Image: "Multiple Tweets Plain" by

The global interconnected network of computers known as the Web offers opportunities  for new forms of social analysis – not least the possibilities offered by ‘big data’  – digital data sets so large they require novel computer  processing and software. These new kinds of data provide the possibility of real time analysis that offer the potential to find out what is happening ‘right now’ on a population level scale, whilst also minimising analytical costs. Another, related aspect of big data is the social media element. One area of the Web that has already received considerable research attention is Twitter. With an estimated 200 million users creating over 400 million Tweets it has become a vast repository of user generated textual data.

Unfortunately much ‘research’ about Twitter can be characterised as ‘Twitterology’ a practice that rates somewhere below astrology in terms of its ability to deliver meaningful interpretations of the social world. This includes simplistic content analysis  to engage in sentiment analysis by collating vast numbers of tweets and counting keywords – like ‘happy’ – to make claims such as “Twitter Proves the West Coast is Happier”.  Surely sociologists have at our fingertips a set of analytical methods that can complement technical forays into the Web to make much more meaningful claims about social life than this?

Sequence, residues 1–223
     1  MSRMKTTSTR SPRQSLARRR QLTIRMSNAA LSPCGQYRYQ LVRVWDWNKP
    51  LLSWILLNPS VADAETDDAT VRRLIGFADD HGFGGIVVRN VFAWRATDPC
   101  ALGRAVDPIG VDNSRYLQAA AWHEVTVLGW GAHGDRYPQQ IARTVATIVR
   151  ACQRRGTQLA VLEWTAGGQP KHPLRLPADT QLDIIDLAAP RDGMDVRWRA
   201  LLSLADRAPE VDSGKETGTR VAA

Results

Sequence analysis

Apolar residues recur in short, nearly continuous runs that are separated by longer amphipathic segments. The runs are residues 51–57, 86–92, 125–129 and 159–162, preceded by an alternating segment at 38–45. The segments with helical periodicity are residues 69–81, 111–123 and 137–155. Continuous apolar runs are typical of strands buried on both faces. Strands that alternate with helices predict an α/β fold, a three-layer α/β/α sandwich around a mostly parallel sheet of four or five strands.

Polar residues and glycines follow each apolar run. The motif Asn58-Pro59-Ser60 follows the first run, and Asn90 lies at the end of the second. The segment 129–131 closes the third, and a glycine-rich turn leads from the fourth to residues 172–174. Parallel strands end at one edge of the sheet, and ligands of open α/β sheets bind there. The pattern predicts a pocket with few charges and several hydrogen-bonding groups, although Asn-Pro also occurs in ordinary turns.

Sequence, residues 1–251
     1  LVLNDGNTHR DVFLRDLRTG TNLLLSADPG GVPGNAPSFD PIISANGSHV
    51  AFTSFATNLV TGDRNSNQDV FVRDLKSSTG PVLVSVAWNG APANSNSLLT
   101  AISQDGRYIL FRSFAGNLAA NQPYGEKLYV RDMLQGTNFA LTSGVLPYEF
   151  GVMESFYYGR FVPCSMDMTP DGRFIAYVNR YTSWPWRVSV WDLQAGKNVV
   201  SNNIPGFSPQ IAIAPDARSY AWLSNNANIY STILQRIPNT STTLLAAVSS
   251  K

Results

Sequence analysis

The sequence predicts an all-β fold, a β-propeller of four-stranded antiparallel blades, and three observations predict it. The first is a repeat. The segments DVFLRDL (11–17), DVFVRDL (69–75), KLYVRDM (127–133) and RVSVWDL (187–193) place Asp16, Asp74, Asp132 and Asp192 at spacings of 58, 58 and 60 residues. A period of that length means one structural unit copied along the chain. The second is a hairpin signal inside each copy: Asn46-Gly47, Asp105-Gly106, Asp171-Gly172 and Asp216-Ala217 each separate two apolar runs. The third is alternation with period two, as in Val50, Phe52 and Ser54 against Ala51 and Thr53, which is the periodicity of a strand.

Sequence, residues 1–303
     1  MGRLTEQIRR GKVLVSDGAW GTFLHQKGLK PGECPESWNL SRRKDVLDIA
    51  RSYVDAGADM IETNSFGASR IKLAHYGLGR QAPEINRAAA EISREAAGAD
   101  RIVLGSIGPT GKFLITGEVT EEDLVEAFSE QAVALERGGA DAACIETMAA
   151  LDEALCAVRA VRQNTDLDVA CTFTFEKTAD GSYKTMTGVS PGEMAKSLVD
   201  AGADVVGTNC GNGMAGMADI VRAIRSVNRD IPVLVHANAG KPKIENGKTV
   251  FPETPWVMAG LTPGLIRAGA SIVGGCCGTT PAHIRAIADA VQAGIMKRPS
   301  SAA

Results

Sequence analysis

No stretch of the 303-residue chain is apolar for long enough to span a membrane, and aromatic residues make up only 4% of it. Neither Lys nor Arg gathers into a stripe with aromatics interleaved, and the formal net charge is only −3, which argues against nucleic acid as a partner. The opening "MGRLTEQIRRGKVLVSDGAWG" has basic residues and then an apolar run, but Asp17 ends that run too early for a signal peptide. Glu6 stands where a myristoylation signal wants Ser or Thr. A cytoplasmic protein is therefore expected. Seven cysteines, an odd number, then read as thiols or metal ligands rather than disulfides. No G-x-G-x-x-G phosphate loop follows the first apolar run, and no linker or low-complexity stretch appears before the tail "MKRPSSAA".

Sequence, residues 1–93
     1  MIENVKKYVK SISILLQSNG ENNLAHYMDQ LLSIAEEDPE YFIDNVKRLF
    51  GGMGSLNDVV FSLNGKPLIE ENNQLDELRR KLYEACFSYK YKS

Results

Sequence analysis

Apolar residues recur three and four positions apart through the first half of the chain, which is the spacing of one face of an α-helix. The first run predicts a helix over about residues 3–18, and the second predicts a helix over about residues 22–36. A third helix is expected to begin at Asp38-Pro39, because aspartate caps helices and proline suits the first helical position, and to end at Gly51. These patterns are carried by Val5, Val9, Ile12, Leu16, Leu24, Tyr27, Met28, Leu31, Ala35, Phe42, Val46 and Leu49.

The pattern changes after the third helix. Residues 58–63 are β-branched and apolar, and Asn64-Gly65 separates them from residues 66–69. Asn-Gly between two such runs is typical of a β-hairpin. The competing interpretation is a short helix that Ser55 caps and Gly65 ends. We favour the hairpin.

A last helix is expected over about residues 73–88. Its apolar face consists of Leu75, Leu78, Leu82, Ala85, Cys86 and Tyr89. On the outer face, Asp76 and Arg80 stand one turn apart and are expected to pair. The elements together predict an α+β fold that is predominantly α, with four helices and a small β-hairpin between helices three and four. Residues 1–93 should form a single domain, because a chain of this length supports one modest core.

We have developed computer software to dynamically model Tweets to explore the network properties of this part of the Web. Using this we can follow actors and interlinked chains of Tweets, identifying initiators and amplifiers, and exploring twitter data flows over time. This produces some interesting patterns, as our example below demonstrates. We harvested 677 tweets that used the hashtag #saveournhs and followed the network  of interactions around this tag. In the video the earliest tweets migrate to the right of the display, displaced by a busier larger network on the left.  At its heart is one user (@UnitetheUnion) in a circle or node which quickly turns red, signalling its importance to the network as a highly retweeted source.  As the model runs @UnitetheUnion remain dominant; but interestingly this is on the basis of just four Tweets on the hashtag #saveourNHS.  These four messages propagate through the network extremely rapidly and produce visibly  longer chains of retweets.

On the right of the display another interesting interaction emerges. First a node called @999CallforNHS, which originated at the start of the model, links temporarily to the network surrounding @UnitetheUnion then it breaks off before re-joining the network some 0.43 minutes into the display. The linking node here which also becomes significant (turning red at 1.28) is a user ‘called’ @CraigFarlow. The latter, at the time of this analysis had penned just 812 tweets, was following 65 people and being followed by 28. By contrast @999CallforNHS had 1487 followers, followed 1169 and had made 3210 tweets. These two nodes made just 35 and 25 tweets using the #SaveourNHS tag and received 77 and 51 retweets respectively.  While none of their tweets produced a retweet chain as long as @UnitetheUnion their activity secured their places as significant (red) nodes in the network.